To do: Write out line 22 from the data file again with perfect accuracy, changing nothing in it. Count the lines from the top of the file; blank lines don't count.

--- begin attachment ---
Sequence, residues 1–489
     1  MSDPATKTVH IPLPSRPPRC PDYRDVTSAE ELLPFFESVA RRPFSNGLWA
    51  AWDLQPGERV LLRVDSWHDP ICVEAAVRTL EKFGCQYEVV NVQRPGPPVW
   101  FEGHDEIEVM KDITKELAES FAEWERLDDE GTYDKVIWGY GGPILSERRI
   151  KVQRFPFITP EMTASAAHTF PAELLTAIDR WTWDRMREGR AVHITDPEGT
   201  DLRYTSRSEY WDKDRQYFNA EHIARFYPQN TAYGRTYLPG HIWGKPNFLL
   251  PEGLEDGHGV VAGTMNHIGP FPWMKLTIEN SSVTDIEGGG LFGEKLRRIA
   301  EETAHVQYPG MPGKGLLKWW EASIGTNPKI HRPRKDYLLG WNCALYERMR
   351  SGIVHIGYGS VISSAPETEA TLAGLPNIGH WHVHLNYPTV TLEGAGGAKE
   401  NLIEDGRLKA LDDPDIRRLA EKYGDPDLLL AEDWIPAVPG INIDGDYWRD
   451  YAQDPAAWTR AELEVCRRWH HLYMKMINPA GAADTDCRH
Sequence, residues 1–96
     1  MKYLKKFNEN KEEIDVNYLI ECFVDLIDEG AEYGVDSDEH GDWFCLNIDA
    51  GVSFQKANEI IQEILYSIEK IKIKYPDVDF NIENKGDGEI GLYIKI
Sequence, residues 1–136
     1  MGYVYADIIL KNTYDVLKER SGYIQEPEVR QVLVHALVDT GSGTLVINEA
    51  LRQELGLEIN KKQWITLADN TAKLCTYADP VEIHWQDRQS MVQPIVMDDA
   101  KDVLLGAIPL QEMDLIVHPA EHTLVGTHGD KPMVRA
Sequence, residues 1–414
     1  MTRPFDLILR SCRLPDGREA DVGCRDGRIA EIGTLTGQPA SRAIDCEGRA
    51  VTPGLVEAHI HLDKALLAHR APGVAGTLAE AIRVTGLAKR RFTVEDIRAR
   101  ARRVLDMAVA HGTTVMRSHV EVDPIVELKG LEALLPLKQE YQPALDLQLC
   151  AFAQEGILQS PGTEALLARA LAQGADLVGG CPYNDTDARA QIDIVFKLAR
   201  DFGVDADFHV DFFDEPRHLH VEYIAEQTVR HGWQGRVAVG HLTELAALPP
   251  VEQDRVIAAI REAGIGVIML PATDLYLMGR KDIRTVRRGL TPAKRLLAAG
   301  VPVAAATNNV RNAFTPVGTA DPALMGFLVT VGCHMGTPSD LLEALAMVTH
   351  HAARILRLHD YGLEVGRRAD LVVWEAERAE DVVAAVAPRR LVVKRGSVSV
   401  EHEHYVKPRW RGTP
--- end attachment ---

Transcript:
   101  ARRVLDMAVA HGTTVMRSHV EVDPIVELKG LEALLPLKQE YQPALDLQLC